Skip to main content
An official website of the United States government

Dr. Ellen Langer Differentiated from a Cell Biologist to an Expert in Tumor Heterogeneity

Photo of Dr. Ellen Langer next to a cell culture hood

Ellen Langer, Ph.D., a CSBC  investigator at Oregon Health and Science University (OHSU), trained as a cell biologist and studied cellular plasticity at Washington University in St. Louis and the University of Utah. This work led to her current studies examining breast cancer cell phenotypes using systems biology approaches.

Along with communicating her exciting findings to other researchers, she shares her passion for science with her three children. She encourages their interest in computer coding and biology, as well as shows them what it is like to be a scientist. According to her, “They love coming to my lab and looking at cells through the microscope.”

In this interview, she discusses her views on entering the field of systems biology and its advantages for investigating tumor heterogeneity. 

How do you define systems biology? 

Systems biology is about looking at the broader interactions between individual components of a complex system to gain insight into function. It lets us step back and better appreciate the interdependencies within the entire system, such as how signals between heterogeneous cancer cells and cells in the tumor microenvironment affect cell behavior and response to therapies. 

What is a challenge of systems biology research? 

One challenge that I’ve faced is adapting how I approach and design my experiments to generate results that can be used for mathematical modeling of cell plasticity. It is challenging to understand the intricacies of computational and mathematical models, but I enjoy learning about these approaches and think they are an important component of moving forward in the field. 

What do you think is a strength of the systems biology field? 

One major strength of systems biology is that it involves a team. Systems biologists with different backgrounds and expertise all come together to address complex biological questions. This interdisciplinary approach allows researchers to address hypotheses in innovative ways. 

Can you describe your CSBC-supported cancer research?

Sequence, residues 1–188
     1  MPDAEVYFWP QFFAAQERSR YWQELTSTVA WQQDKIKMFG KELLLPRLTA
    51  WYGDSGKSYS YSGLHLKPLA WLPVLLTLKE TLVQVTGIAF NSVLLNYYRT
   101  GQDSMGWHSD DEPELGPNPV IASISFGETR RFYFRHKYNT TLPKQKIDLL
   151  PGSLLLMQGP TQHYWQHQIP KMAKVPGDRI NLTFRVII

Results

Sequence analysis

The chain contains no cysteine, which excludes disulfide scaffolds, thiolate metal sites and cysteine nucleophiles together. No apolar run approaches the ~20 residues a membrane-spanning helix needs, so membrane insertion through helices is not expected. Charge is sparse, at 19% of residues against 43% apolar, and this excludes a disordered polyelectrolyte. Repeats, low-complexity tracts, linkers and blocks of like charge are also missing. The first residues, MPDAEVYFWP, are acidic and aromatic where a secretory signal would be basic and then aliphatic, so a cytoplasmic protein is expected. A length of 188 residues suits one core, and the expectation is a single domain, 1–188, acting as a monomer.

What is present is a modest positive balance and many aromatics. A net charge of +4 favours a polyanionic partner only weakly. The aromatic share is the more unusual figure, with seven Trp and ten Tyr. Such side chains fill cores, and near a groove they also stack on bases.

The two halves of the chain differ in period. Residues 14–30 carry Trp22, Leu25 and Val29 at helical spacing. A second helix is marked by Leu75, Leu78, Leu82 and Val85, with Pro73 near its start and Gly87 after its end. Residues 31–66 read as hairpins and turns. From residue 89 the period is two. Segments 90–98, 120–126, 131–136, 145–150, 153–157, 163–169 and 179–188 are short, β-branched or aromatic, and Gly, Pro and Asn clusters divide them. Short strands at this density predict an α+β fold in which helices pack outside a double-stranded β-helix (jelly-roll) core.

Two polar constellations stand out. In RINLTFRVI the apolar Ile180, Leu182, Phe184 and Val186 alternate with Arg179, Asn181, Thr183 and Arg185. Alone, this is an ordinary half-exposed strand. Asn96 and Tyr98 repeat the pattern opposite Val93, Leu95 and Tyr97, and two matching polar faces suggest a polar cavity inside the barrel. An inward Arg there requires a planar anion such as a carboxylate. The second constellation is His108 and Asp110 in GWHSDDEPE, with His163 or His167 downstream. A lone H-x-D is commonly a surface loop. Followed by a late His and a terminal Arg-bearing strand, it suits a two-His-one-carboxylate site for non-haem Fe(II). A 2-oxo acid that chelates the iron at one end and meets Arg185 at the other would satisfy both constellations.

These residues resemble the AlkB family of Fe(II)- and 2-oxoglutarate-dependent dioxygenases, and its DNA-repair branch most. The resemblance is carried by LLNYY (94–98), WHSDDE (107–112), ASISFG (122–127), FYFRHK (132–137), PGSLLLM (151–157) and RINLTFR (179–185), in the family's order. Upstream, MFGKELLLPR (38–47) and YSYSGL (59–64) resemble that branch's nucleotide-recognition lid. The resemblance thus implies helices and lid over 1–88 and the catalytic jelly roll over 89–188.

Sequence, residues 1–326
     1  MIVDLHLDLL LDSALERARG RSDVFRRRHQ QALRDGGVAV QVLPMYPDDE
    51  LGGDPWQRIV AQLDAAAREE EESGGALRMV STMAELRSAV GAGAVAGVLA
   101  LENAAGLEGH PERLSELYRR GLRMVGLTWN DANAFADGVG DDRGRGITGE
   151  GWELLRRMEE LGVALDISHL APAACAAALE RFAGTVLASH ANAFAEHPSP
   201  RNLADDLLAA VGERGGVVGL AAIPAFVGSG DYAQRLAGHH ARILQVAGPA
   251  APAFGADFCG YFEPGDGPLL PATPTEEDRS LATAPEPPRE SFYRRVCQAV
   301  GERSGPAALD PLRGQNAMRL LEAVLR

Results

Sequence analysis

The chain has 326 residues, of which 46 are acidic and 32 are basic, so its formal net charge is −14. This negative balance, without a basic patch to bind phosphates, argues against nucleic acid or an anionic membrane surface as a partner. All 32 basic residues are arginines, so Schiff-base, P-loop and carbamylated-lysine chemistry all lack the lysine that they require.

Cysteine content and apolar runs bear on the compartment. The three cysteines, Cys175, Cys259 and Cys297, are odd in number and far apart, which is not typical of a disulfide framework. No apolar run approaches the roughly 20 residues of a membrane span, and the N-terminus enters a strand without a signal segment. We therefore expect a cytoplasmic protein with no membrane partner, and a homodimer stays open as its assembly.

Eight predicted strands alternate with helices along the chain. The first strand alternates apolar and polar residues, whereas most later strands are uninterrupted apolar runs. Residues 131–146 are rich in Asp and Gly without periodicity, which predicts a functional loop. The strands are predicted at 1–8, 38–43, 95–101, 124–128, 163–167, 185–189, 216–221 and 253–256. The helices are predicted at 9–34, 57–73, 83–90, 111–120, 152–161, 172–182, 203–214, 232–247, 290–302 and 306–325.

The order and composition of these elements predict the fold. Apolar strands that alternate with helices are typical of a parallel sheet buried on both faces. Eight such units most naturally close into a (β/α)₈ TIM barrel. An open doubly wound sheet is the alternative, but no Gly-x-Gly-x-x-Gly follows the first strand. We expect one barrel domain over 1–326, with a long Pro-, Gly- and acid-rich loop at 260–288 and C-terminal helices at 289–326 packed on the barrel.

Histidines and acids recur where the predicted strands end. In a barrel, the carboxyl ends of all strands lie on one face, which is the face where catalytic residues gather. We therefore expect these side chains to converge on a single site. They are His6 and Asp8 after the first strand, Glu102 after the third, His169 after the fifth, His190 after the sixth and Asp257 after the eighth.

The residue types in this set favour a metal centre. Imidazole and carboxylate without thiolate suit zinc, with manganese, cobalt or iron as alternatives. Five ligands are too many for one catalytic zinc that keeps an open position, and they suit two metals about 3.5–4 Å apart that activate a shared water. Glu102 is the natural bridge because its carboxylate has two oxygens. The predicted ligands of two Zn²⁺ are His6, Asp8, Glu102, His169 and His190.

My lab studies heterogeneity and plasticity in basal-like breast cancer. We found that breast cancer cells can become resistant to targeted therapies by taking on unique differentiation states. Now, we are trying to understand the cell-intrinsic mechanisms, such as epigenetic changes, that drive cells to cancer-promoting phenotypes. 

How do you use systems biology approaches to study tumor heterogeneity? 

To understand the heterogeneity within and across tumors, we use single-cell RNA sequencing to understand networks that underlie cell phenotypes and single-cell ATAC sequencing to identify changes in chromatin structure. We are also investigating the effects of the tumor microenvironment, specifically the spatial interactions of different cell types within the complex tumor.

Many experimental approaches involve the dissociation of cancer and stromal cells, leading to a loss of spatial information. However, this critical information needs to be put back into the big picture of tumor development and therapeutic responses.

In our CSBC center, we are currently trying to couple bioinformatic modeling approaches with immunofluorescence imaging of tumor tissues to characterize the spatial architecture and cellular associations of cancer cell phenotypes. 

Part of your research involves the generation of 3-D tumor tissue using a bioprinter. What are the advantages of this experimental system? 

With the bioprinter, we can build tissues in vitro to study the influence of different types of cells on tumors. Also, cells can be manipulated in this system to learn if certain molecules, like transcription factors or cell surface receptors, are critical to oncogenic cellular behaviors or phenotypes. 

This model also has benefits compared to cells grown in 2-D culture dishes. When cells are attached to plastic, they have different behavior than cells grown in a 3-D environment. Additionally, co-culturing cancer cells in 3-D tissue, when they are surrounded by different types of cells, like fibroblasts and endothelial cells, is a better representation of tumor physiology in cancer patients. 

Further, we can use human cells to build these self-organizing models, which can be cultured up to three weeks. Like human and mouse tumor tissue, bioprinted tissue can be fixed and stained to assess the spatial organization and phenotypes of different cells. 

How does your cancer systems biology research ultimately help patients? 

We are working to identify master regulators that drive phenotypic changes that promote therapeutic resistance in heterogeneous tumors by analyzing transcriptomic and epigenetic changes in cancer cells.

Ultimately, our goal is to develop combination therapies that inhibit treatment-resistant cancer cell plasticity. 


If you would like to reproduce some or all of this content, see Reuse of NCI Information for guidance about copyright and permissions. In the case of permitted digital reproduction, please credit the National Cancer Institute as the source and link to the original NCI product using the original product's title; e.g., “Dr. Ellen Langer Differentiated from a Cell Biologist to an Expert in Tumor Heterogeneity was originally published by the National Cancer Institute.”